With every one in six people in the world being of Indian origin, the Indian Diaspora is having increased impact globally – and America is no exception. According to the Pew Research Center, the Indian population in the US has doubled between 2000-2015. While Indians are still a tiny percentage of the overall US population, their impact goes way beyond numbers.
From thought leaders and advocates in public spaces to the CEOs of corporations and startups to the hordes of unsung NYC cabbies, cooks and 711 workers - there are countless Indian stories waiting to be told. Indian brain cells, entrepreneurship and sweat equity are entwined with the success of America, and we will meet these famous, infamous and ordinary people every week. The Nooyi Factor in Recyling
Indra Nooyi is possibly the most visible Indian-American CEO whose company PepsiCo is based in Purchase, New York and who herself lives in Connecticut. Like many Americans, the state of the planet is of concern to her, but especially being the Chairman of a company which produces so many of the bottles and cans that can add to the landfills, unless recycled. She has through the PepsiCo Foundation, the philanthropic arm of PepsiCo., launched a residential recycling challenge to recycle nearly 2 million tons of material including 7 billion bottles and cans. This initiative is being jump-started with a $10 million donation from PepsiCo Foundation in collaboration with the Recycling Partnership to raise funds and create awareness of recycling in communities across America, with the goal being to involve the communities and municipalities to bring the total amount to $100 million.
“I’ve always believed corporations do not operate in a vacuum – we have responsibilities to the communities we serve,” says Nooyi. “Our collaboration with The Recycling Partnership represents a major step toward fulfilling those responsibilities by helping reverse the decline in recycling rates for aluminum and many common plastics.” It is big efforts like these which can help remake the face of American cities.
The Arts Czarina & the Philanthropist
From recycling, we jump to rejuvenating the arts. For 20 years, New Yorker Aroon Shivdasani was a Lone Ranger rooting for the arts of India. Almost single-handedly, she founded the Indo-American Arts Council (IAAC), a non-profit organization which launched arts initiatives in different disciplines with book readings, art shows, a literary festival, a dance festival – and a hugely popular annual film festival of independent films which attracted names like Salman Rushdie, Shabana Azmi, Anurag Kashyap and Mira Nair. She often calls herself the Fakir of New York, out with a begging bowl for the nurturing of the arts but she become the catalyst for many of the city’s burgeoning Indian arts organizations, setting a thriving cultural scene in motion.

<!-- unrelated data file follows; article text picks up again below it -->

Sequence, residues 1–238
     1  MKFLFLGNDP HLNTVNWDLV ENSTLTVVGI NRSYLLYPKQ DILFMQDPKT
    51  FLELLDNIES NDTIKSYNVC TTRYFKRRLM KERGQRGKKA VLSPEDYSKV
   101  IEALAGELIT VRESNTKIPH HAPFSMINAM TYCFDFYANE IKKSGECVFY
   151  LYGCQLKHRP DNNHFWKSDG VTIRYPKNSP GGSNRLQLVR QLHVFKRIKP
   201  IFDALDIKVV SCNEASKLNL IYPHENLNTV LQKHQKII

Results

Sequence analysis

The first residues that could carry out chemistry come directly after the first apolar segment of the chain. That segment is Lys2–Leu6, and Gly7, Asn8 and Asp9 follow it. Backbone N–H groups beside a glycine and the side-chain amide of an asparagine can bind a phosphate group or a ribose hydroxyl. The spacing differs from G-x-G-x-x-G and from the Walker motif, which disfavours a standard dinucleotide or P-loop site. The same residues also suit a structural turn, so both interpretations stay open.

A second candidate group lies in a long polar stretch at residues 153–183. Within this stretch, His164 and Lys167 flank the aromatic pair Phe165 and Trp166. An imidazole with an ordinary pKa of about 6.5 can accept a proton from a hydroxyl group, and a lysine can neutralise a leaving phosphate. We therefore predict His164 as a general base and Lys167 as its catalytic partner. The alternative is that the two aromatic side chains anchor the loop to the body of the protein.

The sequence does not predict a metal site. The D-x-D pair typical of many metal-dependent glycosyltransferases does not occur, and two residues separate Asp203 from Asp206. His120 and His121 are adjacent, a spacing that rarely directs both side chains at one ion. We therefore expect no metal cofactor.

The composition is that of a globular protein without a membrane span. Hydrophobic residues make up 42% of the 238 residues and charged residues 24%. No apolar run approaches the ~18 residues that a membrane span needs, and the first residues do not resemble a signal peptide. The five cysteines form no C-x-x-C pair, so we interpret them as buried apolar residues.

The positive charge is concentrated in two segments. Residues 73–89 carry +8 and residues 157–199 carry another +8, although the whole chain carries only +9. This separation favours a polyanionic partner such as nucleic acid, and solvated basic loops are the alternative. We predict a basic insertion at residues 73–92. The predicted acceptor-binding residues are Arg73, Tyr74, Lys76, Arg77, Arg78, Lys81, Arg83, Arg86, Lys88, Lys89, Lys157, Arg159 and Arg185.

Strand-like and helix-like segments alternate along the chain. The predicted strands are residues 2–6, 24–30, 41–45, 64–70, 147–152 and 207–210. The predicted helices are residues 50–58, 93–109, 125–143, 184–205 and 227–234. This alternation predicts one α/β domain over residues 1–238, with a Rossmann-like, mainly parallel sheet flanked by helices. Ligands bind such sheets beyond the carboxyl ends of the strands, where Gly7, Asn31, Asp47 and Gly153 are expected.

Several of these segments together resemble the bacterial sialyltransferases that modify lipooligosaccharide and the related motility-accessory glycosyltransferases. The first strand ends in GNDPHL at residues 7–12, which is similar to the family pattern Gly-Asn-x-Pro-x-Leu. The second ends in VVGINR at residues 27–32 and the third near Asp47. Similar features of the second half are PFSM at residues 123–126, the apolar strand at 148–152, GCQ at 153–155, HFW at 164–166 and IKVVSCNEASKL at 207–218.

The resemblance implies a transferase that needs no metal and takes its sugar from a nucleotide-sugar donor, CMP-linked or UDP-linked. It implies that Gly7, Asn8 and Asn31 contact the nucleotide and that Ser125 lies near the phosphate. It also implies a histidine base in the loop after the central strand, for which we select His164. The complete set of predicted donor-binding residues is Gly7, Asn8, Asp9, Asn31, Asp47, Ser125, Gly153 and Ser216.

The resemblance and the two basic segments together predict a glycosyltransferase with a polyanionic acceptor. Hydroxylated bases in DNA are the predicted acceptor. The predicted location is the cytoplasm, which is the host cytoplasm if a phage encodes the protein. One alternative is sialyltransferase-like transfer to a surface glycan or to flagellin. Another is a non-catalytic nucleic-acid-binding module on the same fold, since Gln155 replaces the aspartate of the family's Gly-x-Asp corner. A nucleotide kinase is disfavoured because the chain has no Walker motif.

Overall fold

Now after 20 years as Shivdasani retires, IAAC has found a savior prince, Dr. Nirmal Mattoo who is a philanthropist and a supporter of the arts and artists, besides being an educator and a noted physician. He brings financial resources as well as an eclectic board of directors to support IAAC . The new board with Sunil Hali as Executive Director plan to continue the diverse programming with a music festival featuring Ustad Amjad Ali Khan and his sons Amaan Ali Khan and Ayaan Ali Khan at Carnegie Hall, and the hugely popular IAAC Film Festival in May.
Making Chocolates in an Idli-Grinder
Indian-American entrepreneurs certainly bring ‘jugad’ to America – such as Dr. Balu M. Balasubramanian, a chemist, and his wife Andal Balu who was an Agricultural Research Scientist in Coimbatore. The two reinvented themselves in Atlanta, GA where they sold grinders and other home appliances from India and China. It is hard to believe that by some creative thinking this couple from Tamil Nadu have become such a big resource for hundreds of small chocolatiers across the world by presenting the idli-grinder in a new avatar!
Andal and Balu explored the chocolate field and found artisan dark chocolate was being made with just two ingredients - cocoa beans and sugar. Unfortunately the equipment was not available for small chocolatiers who had to import vintage machines from Europe and refurbish them.
The Balus started making machines in small scale to produce about 10 -12 lbs of chocolate liquor per batch (compared to industrial equipment which makes one ton or more of chocolate liquor in a batch). Then they came up with bigger machines to make 100 lbs of chocolate per batch, so the customers could scale up.
They had to modify the idli grinders since the cocoa nibs have be ground for 2-3 days. According to Andal, “Our customers loved our equipment and we were catalysts for the growth of the “bean to bar” industry.” Over the years, they started making other machines targeting the small batch chocolate industry and have acquired a patent and are working on more. Today their company Cocoa Town is a big resource for small chocolatiers in many parts of the world, helping small-time entrepreneurs make a living. Sweet success!
Lavina Melwani is a New York-based journalist and blogs at
Lassi with Lavina.